PR: CCW with S-Curve

Today was the only date on the calendar going down the S-Curves. This is the most technical race, and I think the hardest, PR offers. Rather than racing down a decently steep hill and then up a curvy, gentler hill (or the reverse), racers have to descend a technical double-hairpin. Those not in the front then need to sprint up a small rise to catch on.

I personally lasted for 4 laps – the preme lap, to be precise. I wasn’t in the back, but even in the middle it was tough as the yo-yo effect was that severe. People kicked it up a notch on the preme, and while I was finally able to catch back on as the pack descended, I was done. Waited for a lap, hopped back on at the end to finish it out, did another few laps… but oof. Tough race. Each sprint at the bottom of the S-Curves was over 1000 watts for me… which is up there with PPL sprints. Oof!

Mazama Weekend trip report

The Redmond Cycling Club ( ran their Mazama weekend trip this weekend. It its a 2 day trip that is 75 miles from Marblemount, WA to Mazama, WA via North Cascade Highway 20 and then back the next day. 6800 feet of climbing the first day and 4800 feet the second. I was fortunate to get a ticket because Mitchell Shoenfeld decided he wanted to not risk complicating an injury, and so I was able to buy his ticket off of him and do the trip.

Summary: Do this ride! The weather on the trip can be tricky as it has been known to snow and sleet some years in June, but if you can find a sunny weekend like this one, I have not ridden such a dramatically pretty stretch of road. Highway 20 parallels a river that leads up to a set of dams and lakes for Seattle City Light and then climbs up Easy Pass, Rainy Pass and Washington Pass at 5700ft. Having support on the ride is a requirement as there was definitely a need for extra water and food along the ride. By splitting the ride to two days, you get a chance to socialize with a bunch of bike enthusiasts and hang around the Mazama Country Inn and use the swimming pool, hot tubs, and just lounge on the porch.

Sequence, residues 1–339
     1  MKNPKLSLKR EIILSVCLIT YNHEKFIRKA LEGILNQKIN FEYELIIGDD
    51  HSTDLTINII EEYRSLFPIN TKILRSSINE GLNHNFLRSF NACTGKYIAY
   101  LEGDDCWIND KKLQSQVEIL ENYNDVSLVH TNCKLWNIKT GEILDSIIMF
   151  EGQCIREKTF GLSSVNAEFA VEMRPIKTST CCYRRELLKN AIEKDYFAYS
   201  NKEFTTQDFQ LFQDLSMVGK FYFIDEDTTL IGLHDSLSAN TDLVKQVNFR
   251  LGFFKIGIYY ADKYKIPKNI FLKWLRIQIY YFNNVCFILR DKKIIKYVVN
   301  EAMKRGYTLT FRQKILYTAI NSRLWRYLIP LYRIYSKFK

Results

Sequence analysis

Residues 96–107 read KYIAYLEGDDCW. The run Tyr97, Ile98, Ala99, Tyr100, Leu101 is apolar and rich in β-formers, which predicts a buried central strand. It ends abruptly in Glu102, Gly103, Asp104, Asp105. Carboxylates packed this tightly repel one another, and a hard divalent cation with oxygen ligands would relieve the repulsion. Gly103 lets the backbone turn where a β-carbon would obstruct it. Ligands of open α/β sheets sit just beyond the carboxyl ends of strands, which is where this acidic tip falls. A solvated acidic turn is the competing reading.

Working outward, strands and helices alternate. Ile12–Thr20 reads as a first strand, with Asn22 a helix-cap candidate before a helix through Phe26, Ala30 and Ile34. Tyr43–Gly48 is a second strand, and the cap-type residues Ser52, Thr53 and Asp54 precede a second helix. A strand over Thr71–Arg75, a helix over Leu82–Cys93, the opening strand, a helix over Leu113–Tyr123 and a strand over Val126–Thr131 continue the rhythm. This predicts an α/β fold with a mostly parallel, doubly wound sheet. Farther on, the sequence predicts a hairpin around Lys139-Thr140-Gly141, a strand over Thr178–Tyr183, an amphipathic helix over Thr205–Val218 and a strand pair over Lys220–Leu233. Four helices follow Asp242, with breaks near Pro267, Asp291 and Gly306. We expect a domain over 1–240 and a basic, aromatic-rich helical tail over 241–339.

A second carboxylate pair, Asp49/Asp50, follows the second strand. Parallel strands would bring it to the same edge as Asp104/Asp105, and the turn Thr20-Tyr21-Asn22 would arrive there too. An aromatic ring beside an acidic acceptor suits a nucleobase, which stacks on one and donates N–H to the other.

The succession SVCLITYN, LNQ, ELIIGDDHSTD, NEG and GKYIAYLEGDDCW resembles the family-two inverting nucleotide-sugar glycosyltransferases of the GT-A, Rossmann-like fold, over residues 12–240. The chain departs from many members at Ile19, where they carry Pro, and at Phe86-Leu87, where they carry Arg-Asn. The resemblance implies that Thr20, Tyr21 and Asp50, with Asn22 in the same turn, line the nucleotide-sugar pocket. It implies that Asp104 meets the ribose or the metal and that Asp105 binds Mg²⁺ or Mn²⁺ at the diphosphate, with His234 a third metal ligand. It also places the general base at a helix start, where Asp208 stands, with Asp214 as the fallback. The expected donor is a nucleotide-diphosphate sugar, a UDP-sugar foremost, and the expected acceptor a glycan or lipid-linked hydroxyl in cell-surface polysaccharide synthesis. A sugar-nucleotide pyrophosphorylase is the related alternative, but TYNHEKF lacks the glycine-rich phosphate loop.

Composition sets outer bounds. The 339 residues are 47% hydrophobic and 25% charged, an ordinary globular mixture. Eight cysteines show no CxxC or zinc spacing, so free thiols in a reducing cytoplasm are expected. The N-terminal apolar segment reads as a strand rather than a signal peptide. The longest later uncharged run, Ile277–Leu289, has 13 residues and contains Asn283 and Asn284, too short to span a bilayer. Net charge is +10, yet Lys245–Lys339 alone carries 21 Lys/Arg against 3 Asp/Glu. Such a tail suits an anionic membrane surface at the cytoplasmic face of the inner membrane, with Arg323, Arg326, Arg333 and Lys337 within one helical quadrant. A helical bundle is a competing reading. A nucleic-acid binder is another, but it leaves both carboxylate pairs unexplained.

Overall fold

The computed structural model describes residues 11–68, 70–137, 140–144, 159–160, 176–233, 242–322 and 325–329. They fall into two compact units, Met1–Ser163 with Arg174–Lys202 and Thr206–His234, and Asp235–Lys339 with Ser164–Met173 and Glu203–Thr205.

Day 1 Highlights:
Driving up to Marblemount meant leaving Seattle at 5:30 to get up to the parking lot by 7:30 and start the ride. There we 3 different groups climbing the hill. The Bellingham Bike Club, Redmond Cycle Club and a third group. SAG wagons powered by the family members of one of the RCC group brought our bags and food and water up the passes. With all the riders climbing up we were in good company for our 8am start in ascending the mountain. The first and last 10 miles are relatively flat, which means of the 75 miles about 55 miles of it are either ascending or descending. The ascent is relatively fast as the grade averages about 3.2% over the total distance. The amazing part is the spires that rise over Washington Pass are stunning and still had snow fields by the side of the road. The descent off the mountain was uneventful other then being fast and almost running into a brown bear! I was screaming down the road at 35mph when a bear popped out across the road 50 yards ahead of my bike. I slammed on my brakes (slightly skidding) as did an oncoming car. We both waited until the bear crossed the road and made sure no other bears were following. The Mazama Country Inn was a great stop on the east side of the mountains. The weather was a warm 85 degrees and the RCC members were all in a great mood after the ride. Everyone was social and talking and either hanging around the pool, jacuzzi or the dining room. We ended up staying out until around 10pm when everybody went to bed for the next days ride.